I am dragging my feet to train for the running part of a mini triathlon that is in August. I have never like to run unless it was on a tennis court. Does anyone have any suggestions how I can learn to like it and what the best plan is to get motivate to start training? I don't own running shoes and need some advice without spending a fortune.
Running was never something I planned to do, let alone love. Then one day I went to cheer on a friend in a marathon and I caught the bug. I couldn't wait to start running. I went home, laced up my old walking shoes and took off...about 30 seconds later I was about to pass out. I found a training schedule, the "Couch Potato to 5k Runner" on coolrunning.com, and followed it. I soon built up my endurance and my strength. I have since entered at least one event each month and am now training for my first half!
The first thing I can suggest is to find a new way to think about the running portion of your event...if you dread it in practice, imagine how much tougher it will be on the day of your event after swimming and biking. Next, and this is what helped me most, get yourself an mp3 player and load it up with music that you love to move to. Lastly, find somewhere to run that you'll enjoy being. Don't run on the busy streets where you're likely to spend most of your run dodging cars or waiting for lights to change. Find a park, a beach, a lake or anywhere that you would like to spend the next hour.....then turn on your music, be happy to have time away from the stresses in your life and enjoy your run.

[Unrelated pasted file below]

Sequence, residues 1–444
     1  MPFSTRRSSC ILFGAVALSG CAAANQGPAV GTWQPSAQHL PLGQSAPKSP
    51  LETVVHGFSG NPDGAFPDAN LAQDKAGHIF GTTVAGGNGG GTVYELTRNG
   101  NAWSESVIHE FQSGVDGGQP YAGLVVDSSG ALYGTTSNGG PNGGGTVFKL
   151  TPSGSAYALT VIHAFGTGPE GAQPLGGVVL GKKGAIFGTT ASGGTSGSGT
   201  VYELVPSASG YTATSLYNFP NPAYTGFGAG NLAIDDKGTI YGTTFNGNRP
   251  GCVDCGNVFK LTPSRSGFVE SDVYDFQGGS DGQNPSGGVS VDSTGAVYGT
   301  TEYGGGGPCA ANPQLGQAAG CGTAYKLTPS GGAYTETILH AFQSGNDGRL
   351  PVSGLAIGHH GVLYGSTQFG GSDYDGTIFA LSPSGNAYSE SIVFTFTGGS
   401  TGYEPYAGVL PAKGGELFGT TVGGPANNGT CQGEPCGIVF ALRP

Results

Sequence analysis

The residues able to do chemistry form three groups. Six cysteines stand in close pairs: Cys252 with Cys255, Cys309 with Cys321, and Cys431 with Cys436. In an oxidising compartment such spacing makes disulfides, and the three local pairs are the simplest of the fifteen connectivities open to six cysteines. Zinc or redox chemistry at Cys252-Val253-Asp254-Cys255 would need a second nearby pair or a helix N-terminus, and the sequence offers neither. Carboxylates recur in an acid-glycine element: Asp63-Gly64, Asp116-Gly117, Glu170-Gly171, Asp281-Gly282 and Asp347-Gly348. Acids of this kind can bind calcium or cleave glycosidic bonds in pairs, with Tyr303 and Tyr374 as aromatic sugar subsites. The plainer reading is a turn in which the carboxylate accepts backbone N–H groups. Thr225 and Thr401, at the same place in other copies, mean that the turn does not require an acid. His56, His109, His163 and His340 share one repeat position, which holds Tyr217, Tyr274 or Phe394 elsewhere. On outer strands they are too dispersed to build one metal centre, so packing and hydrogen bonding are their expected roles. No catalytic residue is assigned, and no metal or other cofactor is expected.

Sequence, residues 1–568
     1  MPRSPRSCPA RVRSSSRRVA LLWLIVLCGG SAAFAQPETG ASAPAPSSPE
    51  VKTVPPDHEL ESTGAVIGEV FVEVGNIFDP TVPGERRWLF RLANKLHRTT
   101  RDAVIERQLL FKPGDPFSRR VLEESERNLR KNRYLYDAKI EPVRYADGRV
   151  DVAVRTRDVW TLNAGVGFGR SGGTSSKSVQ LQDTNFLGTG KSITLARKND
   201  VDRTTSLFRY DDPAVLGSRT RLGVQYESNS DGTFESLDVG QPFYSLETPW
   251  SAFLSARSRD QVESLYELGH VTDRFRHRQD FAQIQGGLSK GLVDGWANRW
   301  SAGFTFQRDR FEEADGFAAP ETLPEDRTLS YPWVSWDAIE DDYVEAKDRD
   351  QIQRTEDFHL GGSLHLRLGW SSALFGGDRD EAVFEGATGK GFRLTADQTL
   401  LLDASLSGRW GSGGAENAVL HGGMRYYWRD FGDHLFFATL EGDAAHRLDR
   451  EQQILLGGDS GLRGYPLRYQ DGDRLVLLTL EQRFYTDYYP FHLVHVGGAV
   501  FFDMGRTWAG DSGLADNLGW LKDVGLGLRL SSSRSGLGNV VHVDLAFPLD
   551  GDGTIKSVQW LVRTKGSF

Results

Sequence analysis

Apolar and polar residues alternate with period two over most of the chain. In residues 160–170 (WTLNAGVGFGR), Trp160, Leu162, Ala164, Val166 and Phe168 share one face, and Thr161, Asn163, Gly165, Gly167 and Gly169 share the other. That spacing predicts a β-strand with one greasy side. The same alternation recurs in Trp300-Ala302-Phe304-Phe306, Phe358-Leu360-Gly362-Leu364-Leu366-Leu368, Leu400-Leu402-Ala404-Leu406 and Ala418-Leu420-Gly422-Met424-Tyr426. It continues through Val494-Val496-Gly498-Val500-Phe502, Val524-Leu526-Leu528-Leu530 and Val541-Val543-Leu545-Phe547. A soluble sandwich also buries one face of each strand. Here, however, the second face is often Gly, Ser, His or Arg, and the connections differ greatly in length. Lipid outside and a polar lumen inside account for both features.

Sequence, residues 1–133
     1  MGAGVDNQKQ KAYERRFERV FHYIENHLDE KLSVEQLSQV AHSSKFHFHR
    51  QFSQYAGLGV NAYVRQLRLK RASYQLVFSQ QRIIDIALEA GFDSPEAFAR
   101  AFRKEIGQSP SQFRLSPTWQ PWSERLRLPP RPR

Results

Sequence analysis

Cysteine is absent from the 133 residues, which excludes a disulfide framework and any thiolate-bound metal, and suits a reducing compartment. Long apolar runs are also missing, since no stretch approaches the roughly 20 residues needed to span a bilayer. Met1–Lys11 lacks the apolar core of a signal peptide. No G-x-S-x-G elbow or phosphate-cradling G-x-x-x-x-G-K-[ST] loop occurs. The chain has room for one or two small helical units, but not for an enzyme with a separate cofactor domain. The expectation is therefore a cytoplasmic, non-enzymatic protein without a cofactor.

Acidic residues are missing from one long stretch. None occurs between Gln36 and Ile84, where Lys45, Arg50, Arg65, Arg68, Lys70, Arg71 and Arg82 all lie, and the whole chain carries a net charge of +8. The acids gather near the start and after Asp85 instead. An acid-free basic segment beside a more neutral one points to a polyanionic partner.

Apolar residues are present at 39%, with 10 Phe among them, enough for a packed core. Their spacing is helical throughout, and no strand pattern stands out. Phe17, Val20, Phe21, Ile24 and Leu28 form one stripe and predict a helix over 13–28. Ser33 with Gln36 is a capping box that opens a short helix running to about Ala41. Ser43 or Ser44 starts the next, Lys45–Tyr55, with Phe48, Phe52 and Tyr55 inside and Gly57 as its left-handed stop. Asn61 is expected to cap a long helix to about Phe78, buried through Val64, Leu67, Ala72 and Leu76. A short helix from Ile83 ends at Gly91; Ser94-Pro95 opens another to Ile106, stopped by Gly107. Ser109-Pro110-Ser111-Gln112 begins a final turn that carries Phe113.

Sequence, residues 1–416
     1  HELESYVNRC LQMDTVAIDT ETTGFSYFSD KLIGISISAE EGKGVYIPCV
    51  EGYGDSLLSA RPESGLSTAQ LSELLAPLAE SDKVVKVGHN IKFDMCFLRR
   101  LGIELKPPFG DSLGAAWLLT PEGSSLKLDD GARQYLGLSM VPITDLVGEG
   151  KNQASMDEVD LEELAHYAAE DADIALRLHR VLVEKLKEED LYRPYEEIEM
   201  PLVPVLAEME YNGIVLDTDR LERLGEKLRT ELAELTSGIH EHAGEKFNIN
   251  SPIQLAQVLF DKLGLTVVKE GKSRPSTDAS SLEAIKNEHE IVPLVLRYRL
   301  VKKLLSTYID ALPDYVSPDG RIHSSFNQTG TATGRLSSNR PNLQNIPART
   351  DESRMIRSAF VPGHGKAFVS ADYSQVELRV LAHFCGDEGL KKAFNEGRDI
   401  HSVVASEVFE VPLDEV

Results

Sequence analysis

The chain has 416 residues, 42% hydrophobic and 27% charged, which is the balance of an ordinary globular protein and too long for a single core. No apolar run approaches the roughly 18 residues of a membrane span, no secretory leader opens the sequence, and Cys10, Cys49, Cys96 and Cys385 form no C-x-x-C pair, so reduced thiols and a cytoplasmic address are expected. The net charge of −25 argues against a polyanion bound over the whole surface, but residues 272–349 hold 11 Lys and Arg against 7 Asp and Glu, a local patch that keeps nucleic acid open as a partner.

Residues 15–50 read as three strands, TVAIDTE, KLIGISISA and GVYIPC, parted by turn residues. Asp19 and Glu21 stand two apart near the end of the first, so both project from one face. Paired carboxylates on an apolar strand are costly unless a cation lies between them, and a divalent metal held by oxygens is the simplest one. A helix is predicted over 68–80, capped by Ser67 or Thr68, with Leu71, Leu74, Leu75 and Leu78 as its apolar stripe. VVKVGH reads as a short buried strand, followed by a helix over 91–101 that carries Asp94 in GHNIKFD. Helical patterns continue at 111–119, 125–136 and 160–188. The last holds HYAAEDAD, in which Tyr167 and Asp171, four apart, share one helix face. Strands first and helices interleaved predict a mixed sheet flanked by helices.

I totally understand where you're coming from. I, too, hated to run. When I first began running about 3 or 4 years ago I could only run for 10 minutes max . . . and hated every minute of it. I'm gonna have to agree that loading up an MP3 player or iPod with a ton of music you love will definitely help motivate you. If you can find a running buddy that might help too. I've always enjoyed working out alone because it's my time to just be inside my head with my own thoughts. But the running, at first, was a real drag. I think you'll find, as I did, that with each increase in distance that you achieve you'll start to like running more and more. And if you try to focus on the physical benefits that you'll get out of running, that can be a real motivator too. And just think, a mini tri is just a short run, so it'll be over in no time and you'll feel amazing at what you've accomplished!! But . . . definitely get a good pair of running shoes. Nothing will make you hate running more than shin splints or some other injury that could have been prevented by a good pair of running shoes. Try to find a running store in your area that does a fitting where they analyze your stride on a treadmill, measure your feet , etc. Shouldn't cost anything extra and they can really custom fit you for a pair of shoes. And you should be able to find a decent pair that doesn't cost a ton of money. Any good running store will consider your budget as well as your fit. Good luck to you and happy running!!